This symposium will explore emerging technologies, practices, and training and certification processes, and will describe their effect on improving the reliability and consistency of thermal spray coatings, which are vital for industry production.
The two-day program will feature presentations from renowned thermal spray practitioners, engineers and scientists. Sessions include Process/Coating Monitoring and Control, Materials and Surface Preparation, Coating Properties and Performance, Training and Standardization, and Modeling and Application.
Organizers include Dr. Christian Moreau, Dr. Basil Marple, and Dr. Jean-Gabriel Legoux of the National Research Council (NRC), Canada; Luc Pouliot, Tecnar Automation, Canada; Lysa Russo, SUNY at Stonybrook, US; and Warren Nelson, GE Energy, US. A facility tour of the National Research Council facilities will be offered on Dec. 3.
Special registration fees are available to members of ASM International, TSS, DVS and GTS. For details and to register, visit http://www.asminternational.org/tsrc08/. For information about sponsorship opportunities, contact Kelly Thomas at 440.338.1733, or email@example.com.
TSS is an Affiliate Society of ASM International, The Materials Information Society. Founded in 1994, the ASM Thermal Spray Society has grown to a membership of approximately 1,500 individuals around the globe representing over 500 leading companies, research institutions and universities. We are committed in promoting thermal spray technology and serving our members to create value for them individually and for the organizations they represent.
Recognized globally for research and innovation, the National Research Council (NRC) is a leader in the development of an innovative, knowledge-based economy for Canada through science and technology. The NRC’s Industrial Materials Institute (NRC-IMI), one of the twenty NRC institutes, is a research and development centre focused on materials, their formulation and forming, as well as the control of their processes. NRC-IMI works primarily in the metallurgy, polymer, aerospace, automotive and biomedical sectors. It helps Canadian companies meet the risks of the new economy by providing them competitive advantages and the required leverage to grasp opportunities.
Rego Giovanetti | Newswise Science News
“Lasers in Composites Symposium” in Aachen – from Science to Application
19.09.2017 | Fraunhofer-Institut für Lasertechnik ILT
I-ESA 2018 – Call for Papers
12.09.2017 | Fraunhofer-Institut für Produktionsanlagen und Konstruktionstechnik IPK
Our brains house extremely complex neuronal circuits, whose detailed structures are still largely unknown. This is especially true for the so-called cerebral cortex of mammals, where among other things vision, thoughts or spatial orientation are being computed. Here the rules by which nerve cells are connected to each other are only partly understood. A team of scientists around Moritz Helmstaedter at the Frankfiurt Max Planck Institute for Brain Research and Helene Schmidt (Humboldt University in Berlin) have now discovered a surprisingly precise nerve cell connectivity pattern in the part of the cerebral cortex that is responsible for orienting the individual animal or human in space.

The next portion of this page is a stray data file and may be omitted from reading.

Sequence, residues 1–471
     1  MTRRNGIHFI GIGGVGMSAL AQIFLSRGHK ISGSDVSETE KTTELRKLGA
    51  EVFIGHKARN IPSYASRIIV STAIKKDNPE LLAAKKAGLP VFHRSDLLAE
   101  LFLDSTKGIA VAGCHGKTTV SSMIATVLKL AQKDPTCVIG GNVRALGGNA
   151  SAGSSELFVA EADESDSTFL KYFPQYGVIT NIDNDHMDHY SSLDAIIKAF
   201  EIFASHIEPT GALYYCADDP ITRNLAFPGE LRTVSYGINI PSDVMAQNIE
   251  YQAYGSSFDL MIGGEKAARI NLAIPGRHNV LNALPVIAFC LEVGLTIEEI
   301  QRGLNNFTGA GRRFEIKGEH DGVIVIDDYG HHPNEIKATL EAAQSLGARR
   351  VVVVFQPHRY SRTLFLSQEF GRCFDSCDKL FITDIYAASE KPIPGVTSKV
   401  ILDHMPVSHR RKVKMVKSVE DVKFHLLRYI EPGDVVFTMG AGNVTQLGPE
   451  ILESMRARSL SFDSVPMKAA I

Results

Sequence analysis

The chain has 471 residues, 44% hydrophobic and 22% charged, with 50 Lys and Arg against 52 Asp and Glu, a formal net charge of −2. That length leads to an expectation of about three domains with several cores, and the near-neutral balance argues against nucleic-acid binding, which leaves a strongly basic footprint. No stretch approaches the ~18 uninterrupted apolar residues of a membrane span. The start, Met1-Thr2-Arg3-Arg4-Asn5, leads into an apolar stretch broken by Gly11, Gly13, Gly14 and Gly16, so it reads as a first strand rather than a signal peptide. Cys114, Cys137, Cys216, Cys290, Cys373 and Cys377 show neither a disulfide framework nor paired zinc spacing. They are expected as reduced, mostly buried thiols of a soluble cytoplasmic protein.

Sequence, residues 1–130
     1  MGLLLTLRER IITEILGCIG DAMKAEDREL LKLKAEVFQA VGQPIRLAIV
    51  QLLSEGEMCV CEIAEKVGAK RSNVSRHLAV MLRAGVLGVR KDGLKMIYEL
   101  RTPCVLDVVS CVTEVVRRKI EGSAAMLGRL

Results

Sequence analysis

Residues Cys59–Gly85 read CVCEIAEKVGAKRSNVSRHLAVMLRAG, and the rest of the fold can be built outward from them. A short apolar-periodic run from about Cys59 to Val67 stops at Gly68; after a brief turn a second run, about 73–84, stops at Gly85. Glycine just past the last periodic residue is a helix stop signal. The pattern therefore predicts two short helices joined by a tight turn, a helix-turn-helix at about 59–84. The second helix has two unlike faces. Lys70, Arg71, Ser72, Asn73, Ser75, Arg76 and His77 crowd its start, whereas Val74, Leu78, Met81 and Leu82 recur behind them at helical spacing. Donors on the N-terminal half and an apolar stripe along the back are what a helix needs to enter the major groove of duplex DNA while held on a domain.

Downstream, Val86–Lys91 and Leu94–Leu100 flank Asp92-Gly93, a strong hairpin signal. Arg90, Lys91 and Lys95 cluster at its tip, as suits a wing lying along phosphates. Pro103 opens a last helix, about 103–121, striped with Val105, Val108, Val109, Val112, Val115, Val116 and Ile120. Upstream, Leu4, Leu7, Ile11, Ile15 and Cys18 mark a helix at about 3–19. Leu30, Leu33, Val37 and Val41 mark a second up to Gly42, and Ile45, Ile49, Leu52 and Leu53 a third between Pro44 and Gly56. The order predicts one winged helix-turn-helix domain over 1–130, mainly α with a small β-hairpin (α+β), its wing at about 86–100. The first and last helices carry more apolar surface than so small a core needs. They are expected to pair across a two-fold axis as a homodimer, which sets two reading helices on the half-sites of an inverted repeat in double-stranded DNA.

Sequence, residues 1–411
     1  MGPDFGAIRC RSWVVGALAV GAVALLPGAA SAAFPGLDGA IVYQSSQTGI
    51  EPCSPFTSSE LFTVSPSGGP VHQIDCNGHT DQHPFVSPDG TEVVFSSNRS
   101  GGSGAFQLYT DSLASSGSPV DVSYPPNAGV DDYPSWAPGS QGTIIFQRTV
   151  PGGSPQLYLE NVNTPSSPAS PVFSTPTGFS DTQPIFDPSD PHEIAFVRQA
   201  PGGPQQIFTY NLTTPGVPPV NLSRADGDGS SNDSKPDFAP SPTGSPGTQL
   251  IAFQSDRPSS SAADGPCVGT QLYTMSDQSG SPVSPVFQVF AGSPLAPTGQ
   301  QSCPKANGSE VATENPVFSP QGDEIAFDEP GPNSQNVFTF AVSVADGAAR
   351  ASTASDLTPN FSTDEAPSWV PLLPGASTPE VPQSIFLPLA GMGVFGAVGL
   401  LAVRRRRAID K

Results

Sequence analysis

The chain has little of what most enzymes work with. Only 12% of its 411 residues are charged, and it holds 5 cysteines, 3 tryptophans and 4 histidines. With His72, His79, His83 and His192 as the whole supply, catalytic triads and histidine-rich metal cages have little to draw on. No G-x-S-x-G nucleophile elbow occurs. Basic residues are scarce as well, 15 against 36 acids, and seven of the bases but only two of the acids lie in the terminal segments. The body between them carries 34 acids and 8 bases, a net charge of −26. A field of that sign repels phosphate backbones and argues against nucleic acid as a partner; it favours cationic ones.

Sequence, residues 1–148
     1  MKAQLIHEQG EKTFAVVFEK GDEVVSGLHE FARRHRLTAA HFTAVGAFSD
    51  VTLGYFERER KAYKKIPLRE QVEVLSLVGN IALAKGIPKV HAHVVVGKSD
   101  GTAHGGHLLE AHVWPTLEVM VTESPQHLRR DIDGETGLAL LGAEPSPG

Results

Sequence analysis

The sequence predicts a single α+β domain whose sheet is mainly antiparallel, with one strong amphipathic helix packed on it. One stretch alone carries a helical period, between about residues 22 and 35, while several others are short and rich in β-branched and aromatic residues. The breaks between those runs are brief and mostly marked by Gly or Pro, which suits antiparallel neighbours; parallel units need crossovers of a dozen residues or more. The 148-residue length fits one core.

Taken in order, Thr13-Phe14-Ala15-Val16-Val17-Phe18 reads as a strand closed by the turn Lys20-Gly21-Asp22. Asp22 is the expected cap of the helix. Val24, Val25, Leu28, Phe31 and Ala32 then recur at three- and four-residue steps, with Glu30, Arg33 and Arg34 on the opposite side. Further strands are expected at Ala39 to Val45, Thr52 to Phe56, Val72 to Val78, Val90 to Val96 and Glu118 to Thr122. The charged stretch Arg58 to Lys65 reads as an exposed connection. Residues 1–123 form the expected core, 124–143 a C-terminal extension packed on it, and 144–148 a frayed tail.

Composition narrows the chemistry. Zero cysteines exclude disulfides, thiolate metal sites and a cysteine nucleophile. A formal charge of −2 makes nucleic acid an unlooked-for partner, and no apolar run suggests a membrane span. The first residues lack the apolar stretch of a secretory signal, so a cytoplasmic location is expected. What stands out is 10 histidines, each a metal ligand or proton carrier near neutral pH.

The researchers report online in Nature (Schmidt et al., 2017. Axonal synapse sorting in medial entorhinal cortex, DOI: 10.1038/nature24005) that synapses in...
Whispering gallery mode (WGM) resonators are used to make tiny micro-lasers, sensors, switches, routers and other devices. These tiny structures rely on a...
Using ultrafast flashes of laser and x-ray radiation, scientists at the Max Planck Institute of Quantum Optics (Garching, Germany) took snapshots of the briefest electron motion inside a solid material to date. The electron motion lasted only 750 billionths of the billionth of a second before it fainted, setting a new record of human capability to capture ultrafast processes inside solids!
When x-rays shine onto solid materials or large molecules, an electron is pushed away from its original place near the nucleus of the atom, leaving a hole...
For the first time, physicists have successfully imaged spiral magnetic ordering in a multiferroic material. These materials are considered highly promising candidates for future data storage media. The researchers were able to prove their findings using unique quantum sensors that were developed at Basel University and that can analyze electromagnetic fields on the nanometer scale. The results – obtained by scientists from the University of Basel’s Department of Physics, the Swiss Nanoscience Institute, the University of Montpellier and several laboratories from University Paris-Saclay – were recently published in the journal Nature.
Multiferroics are materials that simultaneously react to electric and magnetic fields. These two properties are rarely found together, and their combined...
MBM ScienceBridge GmbH successfully negotiated a license agreement between University Medical Center Göttingen (UMG) and the biotech company Tissue Systems Holding GmbH about commercial use of a multi-well tissue plate for automated and reliable tissue engineering & drug testing.
MBM ScienceBridge GmbH successfully negotiated a license agreement between University Medical Center Göttingen (UMG) and the biotech company Tissue Systems...
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